- The Washington Times - Friday, December 16, 2011

A Maryland panel proposed a new legislative map Friday night that would account for the state’s growing minority population by adding two majority-black districts and the state’s first-ever majority-Hispanic House subdistrict.

The five-member advisory committee, appointed by Gov. Martin O’Malley, released a map that members said ensures adequate representation for growing minority populations in the D.C. suburbs and Southern Maryland, and addresses the declining population in Baltimore.

Mr. O’Malley, a Democrat, will consider the map and is expected submit a substantially similar proposal in mid-January, which the General Assembly will consider during its regular session.

“Obviously, the issue of the shifting population and diversity of the state drives a lot of policy decisions,” said committee chairwoman Jeanne Hitchcock. “We tried to recognize the growing ethnic populations, and we think we have done so.”

During a meeting with reporters, Ms. Hitchcock said the map will most notably give the state 12 majority-black senatorial districts, with the addition of two new ones in Prince George’s County. In all, the state will have 16 majority-minority districts.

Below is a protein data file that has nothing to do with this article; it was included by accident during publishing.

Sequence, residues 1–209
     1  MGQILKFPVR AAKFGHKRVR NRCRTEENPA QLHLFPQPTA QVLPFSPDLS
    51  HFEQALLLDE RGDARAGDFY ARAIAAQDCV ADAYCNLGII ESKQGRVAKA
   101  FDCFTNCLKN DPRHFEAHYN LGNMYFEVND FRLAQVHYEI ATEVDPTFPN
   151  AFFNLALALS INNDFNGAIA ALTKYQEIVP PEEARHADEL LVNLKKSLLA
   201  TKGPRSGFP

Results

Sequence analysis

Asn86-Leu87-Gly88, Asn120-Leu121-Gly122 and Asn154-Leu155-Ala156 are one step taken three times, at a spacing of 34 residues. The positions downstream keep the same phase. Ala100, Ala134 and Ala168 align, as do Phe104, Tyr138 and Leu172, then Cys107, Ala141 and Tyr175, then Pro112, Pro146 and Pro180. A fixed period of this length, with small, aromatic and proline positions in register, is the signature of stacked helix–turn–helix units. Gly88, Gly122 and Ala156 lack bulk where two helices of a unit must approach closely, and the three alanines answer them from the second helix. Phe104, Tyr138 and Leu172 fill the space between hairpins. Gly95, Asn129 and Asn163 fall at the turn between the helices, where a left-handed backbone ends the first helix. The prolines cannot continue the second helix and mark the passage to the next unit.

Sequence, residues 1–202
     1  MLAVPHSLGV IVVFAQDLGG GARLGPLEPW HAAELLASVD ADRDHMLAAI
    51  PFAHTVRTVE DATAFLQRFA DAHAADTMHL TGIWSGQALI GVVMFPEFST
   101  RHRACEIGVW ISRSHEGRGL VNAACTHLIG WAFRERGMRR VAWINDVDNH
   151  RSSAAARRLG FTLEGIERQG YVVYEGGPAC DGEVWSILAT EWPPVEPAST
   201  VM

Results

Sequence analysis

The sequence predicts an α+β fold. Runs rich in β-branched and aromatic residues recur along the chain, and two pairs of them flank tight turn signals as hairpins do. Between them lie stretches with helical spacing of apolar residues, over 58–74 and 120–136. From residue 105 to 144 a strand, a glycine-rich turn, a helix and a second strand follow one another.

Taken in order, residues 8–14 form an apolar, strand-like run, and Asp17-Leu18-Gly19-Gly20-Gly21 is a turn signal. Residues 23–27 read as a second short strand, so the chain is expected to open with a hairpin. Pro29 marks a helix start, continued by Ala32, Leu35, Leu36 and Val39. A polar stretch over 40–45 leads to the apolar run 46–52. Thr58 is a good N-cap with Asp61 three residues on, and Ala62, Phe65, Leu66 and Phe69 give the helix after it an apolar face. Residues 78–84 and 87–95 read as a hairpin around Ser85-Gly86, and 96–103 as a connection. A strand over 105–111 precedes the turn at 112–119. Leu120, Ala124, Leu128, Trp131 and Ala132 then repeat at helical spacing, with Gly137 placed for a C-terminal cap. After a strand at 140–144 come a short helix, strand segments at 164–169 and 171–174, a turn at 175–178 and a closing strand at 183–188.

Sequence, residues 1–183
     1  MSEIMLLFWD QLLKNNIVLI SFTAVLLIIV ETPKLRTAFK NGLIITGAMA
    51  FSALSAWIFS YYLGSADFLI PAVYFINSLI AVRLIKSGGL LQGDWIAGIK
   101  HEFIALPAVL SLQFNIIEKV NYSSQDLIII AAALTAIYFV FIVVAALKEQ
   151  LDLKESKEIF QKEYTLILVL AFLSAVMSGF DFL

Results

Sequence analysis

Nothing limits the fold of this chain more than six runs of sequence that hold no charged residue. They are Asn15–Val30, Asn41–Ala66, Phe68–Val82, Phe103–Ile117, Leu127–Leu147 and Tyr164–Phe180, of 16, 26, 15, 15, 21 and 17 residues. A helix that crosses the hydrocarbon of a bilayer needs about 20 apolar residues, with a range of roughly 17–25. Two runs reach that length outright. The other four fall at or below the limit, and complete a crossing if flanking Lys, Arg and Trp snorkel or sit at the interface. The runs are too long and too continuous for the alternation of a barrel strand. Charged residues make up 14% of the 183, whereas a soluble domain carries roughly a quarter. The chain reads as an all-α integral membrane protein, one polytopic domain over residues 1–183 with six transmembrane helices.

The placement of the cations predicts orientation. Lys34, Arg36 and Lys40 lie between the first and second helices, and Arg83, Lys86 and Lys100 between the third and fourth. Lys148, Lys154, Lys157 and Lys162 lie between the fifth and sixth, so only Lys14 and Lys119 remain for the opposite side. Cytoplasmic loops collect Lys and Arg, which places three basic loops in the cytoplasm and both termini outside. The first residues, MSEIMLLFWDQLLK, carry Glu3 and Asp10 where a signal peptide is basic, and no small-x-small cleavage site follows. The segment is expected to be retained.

The state has 47 senatorial districts in all, each of which contains three delegate seats. The new map would also create District 47B in Prince George’s County, a 63-percent-Hispanic subdistrict that would be represented by one delegate and house one-third of District 47’s total population.

The committee also said it could pursue the option of creating a half-Hispanic subdistrict in Montgomery County’s District 18. In addition to diversity concerns, the committee also addressed Baltimore’s declining population by extending District 44 — one of the city’s six districts — into southwestern Baltimore County.

The new district would straddle the city-county line and two of its three delegates would have to come from the county, potentially forcing two of the district’s current delegates out of office in 2014. The committee will hold a public hearing on Dec. 22 in Annapolis to discuss the plan.



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